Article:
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Recommendation issued to: Civil Aviation Safety Authority

Recommendation details
Output No: R20040069
Date issued: 25 June 2004
Safety action status:
Background:

Output text

Safety Recommendation

The ATSB recommends that CASA consider and evaluate options to improve the suitability of industry practices for training pilots to make appropriate decisions when responding to engine failures and other emergencies during critical phases of flight in multi-engine aircraft below 5,700 kg MTOW. This review should include an assessment of the suitability of utilising synthetic training devices for the purpose of training pilots to make decisions regarding emergencies.

Initial response
Date issued: 23 August 2004
Response from: Civil Aviation Safety Authority
Action status: Closed - Partially Accepted
Response text:

The training syllabus for the initial issue of a multi-engine aeroplane endorsement is currently published by CASA in Civil Aviation Advisory Publication (CAAP) 5.23-1. It describes in detail the course of flight and ground training, which candidates seeking their first multi-engine endorsement (rating) should undertake. The syllabus is also applicable to subsequent endorsements and provides the knowledge and training requirements that detail appropriate decision making procedures to be employed by pilots when responding to engine failures and other emergencies in multi-engine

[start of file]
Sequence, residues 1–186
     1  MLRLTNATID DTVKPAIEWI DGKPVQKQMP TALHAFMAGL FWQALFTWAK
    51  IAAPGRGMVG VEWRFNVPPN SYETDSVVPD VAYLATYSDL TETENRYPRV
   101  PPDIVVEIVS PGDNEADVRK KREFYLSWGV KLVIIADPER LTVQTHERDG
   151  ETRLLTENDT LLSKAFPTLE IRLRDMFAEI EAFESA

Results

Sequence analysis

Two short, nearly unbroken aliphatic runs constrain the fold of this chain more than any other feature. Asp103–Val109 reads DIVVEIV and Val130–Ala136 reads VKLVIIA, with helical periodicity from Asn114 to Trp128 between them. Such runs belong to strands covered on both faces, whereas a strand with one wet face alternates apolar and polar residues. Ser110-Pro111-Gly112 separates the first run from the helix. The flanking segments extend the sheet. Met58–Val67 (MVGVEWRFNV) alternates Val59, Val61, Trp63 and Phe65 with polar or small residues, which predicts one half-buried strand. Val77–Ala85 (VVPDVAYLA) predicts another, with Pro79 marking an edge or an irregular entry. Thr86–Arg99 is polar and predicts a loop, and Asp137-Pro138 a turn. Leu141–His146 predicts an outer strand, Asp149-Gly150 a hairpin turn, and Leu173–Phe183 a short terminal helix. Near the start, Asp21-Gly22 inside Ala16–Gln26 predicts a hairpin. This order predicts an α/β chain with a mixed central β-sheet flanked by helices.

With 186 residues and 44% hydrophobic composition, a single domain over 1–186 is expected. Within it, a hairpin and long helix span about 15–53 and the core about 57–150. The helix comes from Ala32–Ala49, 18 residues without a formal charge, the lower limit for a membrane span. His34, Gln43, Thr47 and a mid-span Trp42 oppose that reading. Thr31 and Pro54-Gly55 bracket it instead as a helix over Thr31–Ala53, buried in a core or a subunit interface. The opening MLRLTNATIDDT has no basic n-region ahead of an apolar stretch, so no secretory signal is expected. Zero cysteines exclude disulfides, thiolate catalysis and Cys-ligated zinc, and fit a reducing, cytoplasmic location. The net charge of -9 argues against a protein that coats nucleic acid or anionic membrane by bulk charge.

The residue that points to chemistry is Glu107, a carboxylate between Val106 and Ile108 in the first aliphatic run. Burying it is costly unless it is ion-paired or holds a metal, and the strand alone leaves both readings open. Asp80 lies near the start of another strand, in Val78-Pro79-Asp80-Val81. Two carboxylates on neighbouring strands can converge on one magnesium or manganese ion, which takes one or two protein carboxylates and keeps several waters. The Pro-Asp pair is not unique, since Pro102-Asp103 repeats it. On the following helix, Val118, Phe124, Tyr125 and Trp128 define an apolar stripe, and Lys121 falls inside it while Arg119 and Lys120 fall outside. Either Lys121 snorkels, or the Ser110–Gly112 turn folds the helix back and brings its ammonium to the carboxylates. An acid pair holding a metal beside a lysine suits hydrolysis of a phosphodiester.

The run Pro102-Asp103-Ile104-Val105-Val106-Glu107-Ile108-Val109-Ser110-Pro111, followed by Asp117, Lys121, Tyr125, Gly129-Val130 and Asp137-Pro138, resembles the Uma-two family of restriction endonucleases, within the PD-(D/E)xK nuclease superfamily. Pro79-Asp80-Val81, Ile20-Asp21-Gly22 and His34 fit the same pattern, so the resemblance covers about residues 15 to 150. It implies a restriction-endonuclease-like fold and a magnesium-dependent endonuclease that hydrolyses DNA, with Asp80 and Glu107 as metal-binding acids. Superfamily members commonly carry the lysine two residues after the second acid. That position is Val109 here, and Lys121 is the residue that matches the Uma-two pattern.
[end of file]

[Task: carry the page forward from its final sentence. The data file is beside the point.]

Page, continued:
aircraft.
For training in decision-making procedures, it is considered necessary to replicate as accurately as possible, the situation where an emergency could take place. In Australia, synthetic training devices for this class of aircraft are typically generic in nature and are seen as a useful aid in the training of emergency procedures.
However, due to the lack of realism, it is considered that they fail to simulate the environment sufficiently to be of benefit in this type of human factors training. It should also be noted that there is a substantial cost involved in the acquisition and operation of synthetic training devices.
Assessment of human factors is currently included in all pilot licence theory examinations and an assessment is made during flight testing. With the implementation of Civil Aviation Safety Regulation (CASR) Part 61, CAS A will incorporate human factors training in the Manual of Standards (MOS) for all flight crew licences. Additionally, aspects of human factors are embedded within the MOS as 'Manage Flight' elements and provide for an assessment of the decision-making process and behaviour that must be achieved for the issue of a qualification.

 
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Last update 01 April 2011